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The Information and Technology (IT) sector is one of the most promising sectors to create attractive job opportunities for youth in BiH, but the sector is not performing as well as it should.
In this blog post, we present the work of the MarketMakers project that stimulated, using a systemic approach, job creation for young women and men in BiH by supporting key functions which were slowing growth of the IT sector.
The formal educational system in the Sarajevo region produced 300 IT technicians and engineers annually, but according to firms, there could be jobs for up to 1,000. The quality of existing graduates was also problematic, as IT firms found their skills to be out-dated, incomplete and too academic. Some level of obsolescence in IT education is normal, as the IT sector is developing at high speed and educational institutions struggle to keep up, but the gap between curricula and current requirements in BiH was unusually wide.
The lack of qualified staff led to an intensive search for the limited numbers of skilled workers, causing distrust and divisions among companies and making collective dialogue with government to improve the education system impossible. Companies and young people interested in IT careers relied on expensive private training courses and internal trainings to compensate for the inadequate public education system. Individual firms had no confidence in the government’s interest or capacity to improve the regulatory and policy environment and avoided contact with officials and politicians. Thus, the IT sector was not on policy makers’ radar and its current significance and future potential were not recognised.
Despite the abundance of outsourcing opportunities internationally, only an estimated 10% of locally oriented firms were successful at entering these markets, and even these believed they were not able to make full use of the opportunities. Firms lacked information on international markets – who the players were, what their requirements were, and what standards had to be met. Branding of the sector was also a problem: BiH was not considered an “IT destination”, and there was no strategy to market or promote the sector.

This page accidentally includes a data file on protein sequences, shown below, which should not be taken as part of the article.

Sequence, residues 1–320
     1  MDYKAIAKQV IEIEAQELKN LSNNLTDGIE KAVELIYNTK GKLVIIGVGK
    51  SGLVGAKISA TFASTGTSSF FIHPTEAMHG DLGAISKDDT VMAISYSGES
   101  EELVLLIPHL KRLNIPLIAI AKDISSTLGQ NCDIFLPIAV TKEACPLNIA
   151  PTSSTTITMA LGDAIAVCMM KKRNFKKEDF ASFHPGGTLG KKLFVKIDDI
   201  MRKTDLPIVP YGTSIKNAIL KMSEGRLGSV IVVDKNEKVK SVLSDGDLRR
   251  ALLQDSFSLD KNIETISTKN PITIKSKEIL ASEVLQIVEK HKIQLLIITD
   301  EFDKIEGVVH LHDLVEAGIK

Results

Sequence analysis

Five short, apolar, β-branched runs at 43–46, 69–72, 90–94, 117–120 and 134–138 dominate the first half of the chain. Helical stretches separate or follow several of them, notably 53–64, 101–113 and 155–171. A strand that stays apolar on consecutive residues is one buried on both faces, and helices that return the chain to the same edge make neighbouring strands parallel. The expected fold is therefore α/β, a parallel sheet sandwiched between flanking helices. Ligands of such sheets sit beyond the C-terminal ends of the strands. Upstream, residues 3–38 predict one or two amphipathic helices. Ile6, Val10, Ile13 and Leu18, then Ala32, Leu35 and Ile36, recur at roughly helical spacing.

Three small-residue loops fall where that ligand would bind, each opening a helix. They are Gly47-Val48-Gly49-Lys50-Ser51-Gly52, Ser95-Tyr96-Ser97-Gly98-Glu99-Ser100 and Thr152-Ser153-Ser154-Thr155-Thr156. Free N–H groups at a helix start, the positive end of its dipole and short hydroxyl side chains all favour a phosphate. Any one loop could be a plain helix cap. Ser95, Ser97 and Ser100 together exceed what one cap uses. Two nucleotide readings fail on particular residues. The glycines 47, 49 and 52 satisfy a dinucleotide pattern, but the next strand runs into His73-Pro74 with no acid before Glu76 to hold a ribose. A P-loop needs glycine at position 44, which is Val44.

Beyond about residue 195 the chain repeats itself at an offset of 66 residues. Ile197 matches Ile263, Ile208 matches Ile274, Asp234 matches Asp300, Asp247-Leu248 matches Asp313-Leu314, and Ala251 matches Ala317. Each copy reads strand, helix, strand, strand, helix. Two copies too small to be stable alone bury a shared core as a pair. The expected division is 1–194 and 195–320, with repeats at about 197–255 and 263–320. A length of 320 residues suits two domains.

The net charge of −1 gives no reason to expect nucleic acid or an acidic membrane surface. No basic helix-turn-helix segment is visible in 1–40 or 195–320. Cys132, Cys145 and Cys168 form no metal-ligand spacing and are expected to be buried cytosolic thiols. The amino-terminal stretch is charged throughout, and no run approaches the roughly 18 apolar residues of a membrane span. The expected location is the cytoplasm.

It was clear from the analysis of the project that the root causes were lack of adequate/relevant information about IT opportunities; lack of or weak support system (marketing, linkages); and a weak advocacy support system.
The MarketMakers project could have attempted to tackle each of the IT sector’s constraints directly (e.g. doing a regulatory impact assessment, promoting improvement, hiring consultants to draft strategies and update curricula, or contributing funding to a government IT agency). These would have required substantial human and financial resources which the project did not have. Even if successful, the interventions could lead to one-time gains, but the process of change would likely have stopped when the project ended.
MarketMakers had very strong contacts with IT firms to stimulate improved IT market system changes. The project engaged key players and facilitated the development and realisation of their ideas in the shape of an IT Hub (HUB387) and a formal association (BIT Alliance). The main focus was not HUB387 and BIT Alliance themselves, but improvement on key functions around the sector: the public and private education system for a qualified workforce, an effective strategy for promotion of the IT sector, and a support system for influencing regulatory and policy environment.
Training and new internship programmes have led directly to more young women and men being placed in IT jobs, close to 900 by the end of June 2016.  This success, supported by promotion activities, is leading to greater awareness of IT as a career choice and a large number of students choosing IT education. Dialogue has led to initial steps to improve the business environment, which should result in more investment and more job opportunities. This, however, will only happen on a relatively long timescale.
MarketMakers’ facilitation resulted in HUB 387’s inclusion in the Cantonal Committee for Development of Canton Sarajevo, which drafted the 2014-2020 Cantonal Development Strategy. The strategy included IT as one of three priority sectors, a first in BiH, and included concrete development plans.